|Coverage level||Basic Powertrain (most affordable)||Powertrain Plus||Comprehensive||Highest coverage level|
|Coverage details||Covers all lubricated engine parts, transmission and water pump.||Covers major and minor vehicle parts, including transmission, engine, water pump, alternator, starter, AC and power windows.||Best for vehicles with higher mileage. Covers engine, transmission, AC, electrical system, water pump, starter, fuel pump and more.||Covers engine and transmission failure, starter and fuel pump.|
CarShield also offers two specialty coverage options: an Aluminum tier and coverage for motorcycles and all-terrain vehicles. The Aluminum package covers most electrical and computer systems.
The motorcycle and ATV coverage extends to engines, transmissions, drive axles, fuel injectors, fuel pumps, steering, and suspension, brake and electrical systems. This package also includes water pumps, radiators, alternator, starter and factory audio repair. GPS or navigation coverage are not included.
CarShield contracts include emergency roadside assistance, rental car reimbursement and trip interruption coverage. Most contracts are transferable if you sell your vehicle, but make sure to call a representative to discuss your contract options.
CarShield's specialty coverage options include:
|Aluminum||Motorcycle & ATV|
|Coverage level||Covers select components||Similar to Powertrain Plus|
|Coverage details||Covers most electrical and computer-related problems including starter, engine control module, navigation/ GPS system, electrical system and more.||Contracts have different types of coverage. For example, there are contracts that cover motorcycles and other special circumstances.|
CarShield is a vehicle service contract broker, meaning that its plans are administered by another company. For example, some plans are guaranteed by American Auto Shield.
Like most other companies on this list, CarShield's vehicle protection plans include both betterment and consequential loss clauses.
Why we chose it: We selected Concord Auto Protect as the best car warranty company for customer engagement because it is more responsive than most to customer feedback on platforms such as Facebook and the Better Business Bureau.
- Free roadside assistance included
- Direct provider
- Coverage plans aren't customizable
- Consequential loss clause, limiting claim options
Concord Auto Protect is a direct provider of extended car warranty packages with over 20 years of experience. It offers 24/7 support by phone as well as multiple ways to contact customer service via client login, email, Facebook chat and online form.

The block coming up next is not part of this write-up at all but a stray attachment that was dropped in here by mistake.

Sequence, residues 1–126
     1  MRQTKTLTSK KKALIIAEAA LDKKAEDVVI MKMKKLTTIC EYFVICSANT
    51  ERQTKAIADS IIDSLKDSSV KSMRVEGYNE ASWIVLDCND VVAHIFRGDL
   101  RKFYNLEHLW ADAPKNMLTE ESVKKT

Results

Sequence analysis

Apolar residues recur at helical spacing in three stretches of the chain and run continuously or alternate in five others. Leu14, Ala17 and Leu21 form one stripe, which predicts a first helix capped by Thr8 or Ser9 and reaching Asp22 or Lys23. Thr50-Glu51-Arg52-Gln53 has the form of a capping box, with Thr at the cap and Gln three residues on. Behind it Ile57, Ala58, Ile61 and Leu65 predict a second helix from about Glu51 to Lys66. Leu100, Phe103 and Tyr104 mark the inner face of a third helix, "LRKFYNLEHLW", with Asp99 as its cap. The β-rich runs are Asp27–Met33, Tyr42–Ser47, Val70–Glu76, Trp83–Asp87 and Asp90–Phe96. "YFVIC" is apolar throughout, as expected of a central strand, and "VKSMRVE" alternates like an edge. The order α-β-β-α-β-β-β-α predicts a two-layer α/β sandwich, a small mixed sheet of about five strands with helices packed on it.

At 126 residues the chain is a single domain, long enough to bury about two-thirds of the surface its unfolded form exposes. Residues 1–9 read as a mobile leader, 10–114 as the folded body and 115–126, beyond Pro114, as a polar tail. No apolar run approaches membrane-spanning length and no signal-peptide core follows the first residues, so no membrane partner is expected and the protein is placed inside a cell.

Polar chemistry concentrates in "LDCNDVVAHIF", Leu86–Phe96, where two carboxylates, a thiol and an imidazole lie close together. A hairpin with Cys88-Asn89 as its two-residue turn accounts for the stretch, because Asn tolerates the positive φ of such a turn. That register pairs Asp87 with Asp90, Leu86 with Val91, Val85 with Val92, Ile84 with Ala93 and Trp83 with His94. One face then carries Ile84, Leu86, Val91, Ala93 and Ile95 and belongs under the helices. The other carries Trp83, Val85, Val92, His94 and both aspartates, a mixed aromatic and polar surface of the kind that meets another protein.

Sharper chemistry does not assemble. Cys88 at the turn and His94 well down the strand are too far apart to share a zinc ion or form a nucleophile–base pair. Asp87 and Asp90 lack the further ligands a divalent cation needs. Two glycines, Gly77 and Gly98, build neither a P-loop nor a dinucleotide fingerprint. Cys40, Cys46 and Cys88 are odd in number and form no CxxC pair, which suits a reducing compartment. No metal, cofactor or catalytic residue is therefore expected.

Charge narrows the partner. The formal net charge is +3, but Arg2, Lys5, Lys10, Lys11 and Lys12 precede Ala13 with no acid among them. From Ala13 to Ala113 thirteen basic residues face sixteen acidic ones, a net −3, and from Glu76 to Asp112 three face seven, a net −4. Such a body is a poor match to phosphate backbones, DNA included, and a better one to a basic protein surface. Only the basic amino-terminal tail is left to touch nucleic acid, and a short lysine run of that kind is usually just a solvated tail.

While the same can be said for other competitors in terms of customer service, not all provide Concord’s other tools for engagement. The company actively posts on social media on a weekly basis , and is unusually thorough and timely in responding to customer feedback on the Better Business Bureau website.
Concord Auto Protect offers three coverage tiers, including Powertrain, Advanced and Premium. The Powertrain plan is its most basic, followed by the Advanced tier which adds AWD/4x4 and steering coverage. Its Premium package includes everything in Powertrain and Advanced, plus general bumper-to-bumper protection and Hi-Tech electronic coverage.
Each Concord plan has a 30-day money-back guarantee and is fully transferable.
|Coverage level||Most affordable||Mid-level coverage||Most comprehensive|
|Coverage details||Provides coverage for engine, transmission, drive axles, cooling system, electrical components and master cylinder.||Everything in Powertrain plus, all-wheel drive and steering coverage.||Everything in Advanced plus, heating, AC, suspension, fuel system, high-tech electronics and turbo/ supercharger.|
Concord's vehicle service contracts contain a consequential loss clause, which means the company will only cover claims for components that are included in the coverage.
Other companies we considered
Why it didn’t make our list: Toco only offers month-to-month payment plans, which may not suit all drivers.
- No deductibles
- Flexible payment options
- California residents have to purchase a separate contract
Toco is best for those looking for affordable vehicle service contracts that cover the basics. The company offers plans with zero down payments that you can “pay as you go.” Additionally, you can cancel your policy at any time, for a fee.